I don’t think online competition would be a big threat. The most important factor when buying a suit is how well it fits you. So, men would prefer to try it on in stores. MW faces a much smaller threat from online competition than some big box stores. MW is even less vulnerable to online competition than shoes stores because the sizing is less standardized.
Geoff told me about the fact that people buy fewer suits overtime:
“There is, however, a societal trend you should keep in mind. When my Dad started work at The Bank of New York in Manhattan he probably owned 5 suits. By the time he retired 30 years later, he probably owned one suit (and used it only for client visits). In many industries, American men no longer wear suits to work.
They are still important for special occasions. And people need suits, etc. for weddings, funerals, and a few other events. This is why you see so much about rentals, etc. People actually wear suits a lot less now.”
However, the social trend has largely happened. There may be further declines, but the bigger decline has happened. MW and Jos A Bank grew by gaining market share from smaller, independent stores. There will be fewer companies staying in the business overtime. So, declining market doesn’t mean companies that stay in the business will decline overtime.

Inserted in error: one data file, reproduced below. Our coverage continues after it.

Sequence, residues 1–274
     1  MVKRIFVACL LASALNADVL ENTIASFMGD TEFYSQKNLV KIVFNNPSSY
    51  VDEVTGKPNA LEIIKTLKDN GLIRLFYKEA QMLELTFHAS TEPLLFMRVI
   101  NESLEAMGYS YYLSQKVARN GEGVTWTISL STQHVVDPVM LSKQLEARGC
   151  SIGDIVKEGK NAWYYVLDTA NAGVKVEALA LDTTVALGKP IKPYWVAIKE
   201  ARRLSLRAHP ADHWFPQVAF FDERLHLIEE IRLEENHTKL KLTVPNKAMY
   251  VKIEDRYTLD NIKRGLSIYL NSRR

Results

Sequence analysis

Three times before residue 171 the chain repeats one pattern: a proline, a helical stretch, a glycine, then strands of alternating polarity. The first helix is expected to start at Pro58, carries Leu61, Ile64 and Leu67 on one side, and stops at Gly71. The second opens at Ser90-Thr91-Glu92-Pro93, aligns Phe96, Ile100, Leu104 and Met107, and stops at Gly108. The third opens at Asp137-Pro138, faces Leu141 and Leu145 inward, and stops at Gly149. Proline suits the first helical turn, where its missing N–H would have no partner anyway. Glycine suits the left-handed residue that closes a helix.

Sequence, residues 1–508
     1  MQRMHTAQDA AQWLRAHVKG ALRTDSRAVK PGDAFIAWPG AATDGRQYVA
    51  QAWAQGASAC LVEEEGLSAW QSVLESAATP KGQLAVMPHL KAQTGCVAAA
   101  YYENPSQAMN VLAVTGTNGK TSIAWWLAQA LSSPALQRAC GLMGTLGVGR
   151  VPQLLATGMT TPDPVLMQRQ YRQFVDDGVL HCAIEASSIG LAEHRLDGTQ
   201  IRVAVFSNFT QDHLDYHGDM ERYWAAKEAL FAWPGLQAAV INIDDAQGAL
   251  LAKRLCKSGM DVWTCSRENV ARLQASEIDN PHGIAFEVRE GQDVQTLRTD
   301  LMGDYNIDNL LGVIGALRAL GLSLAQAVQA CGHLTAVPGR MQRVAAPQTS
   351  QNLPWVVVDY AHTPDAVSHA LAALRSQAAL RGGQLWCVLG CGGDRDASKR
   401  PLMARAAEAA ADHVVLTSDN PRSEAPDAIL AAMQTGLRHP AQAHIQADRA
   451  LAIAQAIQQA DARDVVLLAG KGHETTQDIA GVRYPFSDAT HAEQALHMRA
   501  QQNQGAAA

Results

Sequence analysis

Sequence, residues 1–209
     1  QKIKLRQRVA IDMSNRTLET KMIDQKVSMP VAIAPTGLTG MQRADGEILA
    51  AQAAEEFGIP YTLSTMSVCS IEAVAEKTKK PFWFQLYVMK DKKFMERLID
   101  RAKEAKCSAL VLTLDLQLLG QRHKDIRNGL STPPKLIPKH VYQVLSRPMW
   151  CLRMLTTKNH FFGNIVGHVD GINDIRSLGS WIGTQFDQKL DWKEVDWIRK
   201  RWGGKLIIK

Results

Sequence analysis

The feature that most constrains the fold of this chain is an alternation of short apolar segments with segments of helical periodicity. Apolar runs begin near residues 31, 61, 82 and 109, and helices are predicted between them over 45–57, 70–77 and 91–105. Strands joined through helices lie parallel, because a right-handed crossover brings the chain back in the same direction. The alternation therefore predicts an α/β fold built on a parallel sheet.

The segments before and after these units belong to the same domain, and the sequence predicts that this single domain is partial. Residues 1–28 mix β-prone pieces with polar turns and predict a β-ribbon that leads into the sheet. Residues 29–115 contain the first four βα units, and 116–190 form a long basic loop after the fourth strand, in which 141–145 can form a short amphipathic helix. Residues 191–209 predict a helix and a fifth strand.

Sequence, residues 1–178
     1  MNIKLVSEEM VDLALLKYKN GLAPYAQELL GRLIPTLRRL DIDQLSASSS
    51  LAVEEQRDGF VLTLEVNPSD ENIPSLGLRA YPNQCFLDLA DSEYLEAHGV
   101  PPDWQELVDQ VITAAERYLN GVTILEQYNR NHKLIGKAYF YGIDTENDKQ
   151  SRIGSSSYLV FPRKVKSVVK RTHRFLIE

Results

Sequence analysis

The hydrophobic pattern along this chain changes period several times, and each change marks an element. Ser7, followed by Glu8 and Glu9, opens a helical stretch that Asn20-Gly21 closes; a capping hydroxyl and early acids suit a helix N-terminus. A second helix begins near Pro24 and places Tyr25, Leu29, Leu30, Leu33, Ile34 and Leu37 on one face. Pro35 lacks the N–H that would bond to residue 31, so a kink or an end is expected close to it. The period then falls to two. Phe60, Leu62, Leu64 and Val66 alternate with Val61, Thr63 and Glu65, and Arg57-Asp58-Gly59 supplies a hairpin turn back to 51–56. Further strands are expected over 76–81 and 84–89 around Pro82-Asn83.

MW Is a Good Candidate for The Avid Hog
The price is quite good. Last year’s EBITDA was $284 million. The market cap is now $1,640 million. Net cash is $32 million. So, EV is $1,608, and EV/EBITDA is 5.67. Maintenance CapEx for a retailer is small. Even assuming each dollar of EBITDA turns into 50 cents of after-tax owner earnings, EV/owner earnings is about 11. That’s a good price.
MW’s price is also good if I capitalize rent expense. Rent expense is $169.4 million. Using 8 times rent, capitalized EV would be $2,963 million. Capitalized EV/EBITDAR is about 6.54, which is low in today’s market.
So, from my brief research, MW is a good candidate for The Avid Hog. But until we decide to devote one month to research MW, we’ll have to do a lot of scuttlebutt, and learn more about suits.
(When Jos A Bank’s offer was made public, Quan and I discussed the two companies. Here is the transcript of our discussion on Skype).